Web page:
The lights in the Intensive care unit were brightly lit the entire day even when patients are sleeping at night. Being a light sleeper, the noise, movements and lights were of total annoyance. It was so difficult to fall asleep in that kind of condition. Also, imagine if you are totally shut off from the outside world without any mobile devices. For your information, any electronic devices are strictly prohibited in critical care settings as the electromagnetic radiation may interfere with the functionality of medical devices. What can you do if you have insomnia? Count the number of sheep? I requested for painkillers, just to get drowsy and sleep, but it will only be given every six hourly and not more. I asked for sleeping pill but was also not permitted due to the surgery I had just undergone. The only thing I could do was to daydream until my painkiller comes, while at the mean time, drinking cups of milo and observing the changing shifts of the nurses with my eyes widely opened.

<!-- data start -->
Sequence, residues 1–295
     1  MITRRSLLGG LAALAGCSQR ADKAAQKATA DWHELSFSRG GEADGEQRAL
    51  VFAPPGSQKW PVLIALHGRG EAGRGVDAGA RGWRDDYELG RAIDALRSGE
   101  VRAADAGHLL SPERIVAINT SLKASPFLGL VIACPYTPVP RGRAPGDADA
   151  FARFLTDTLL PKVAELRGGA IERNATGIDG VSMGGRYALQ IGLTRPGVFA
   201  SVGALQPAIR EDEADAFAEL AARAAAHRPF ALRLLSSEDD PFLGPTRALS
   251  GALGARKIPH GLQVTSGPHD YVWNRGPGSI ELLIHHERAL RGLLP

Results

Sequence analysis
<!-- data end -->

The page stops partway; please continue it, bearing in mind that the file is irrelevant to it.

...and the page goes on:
The next day, Dr Lee examined whether I portray any aftereffects post surgery with a “hippopotamus” tongue twister to check on the fluency of my speech, and did some basic neurology tests, such as pointing my other fingers towards the thumb, which I handled them with no difficulty. No side effects were present; the surgery was indeed a smooth sailing one.
Since my recovery progress was excellent with no complication, I was transferred to HDU, High Dependency Unit, a class lower than ICU for a day. I myself may not have heard of this term before, in case you wonder how it looks like, this is it, sharing an open area with many other patients.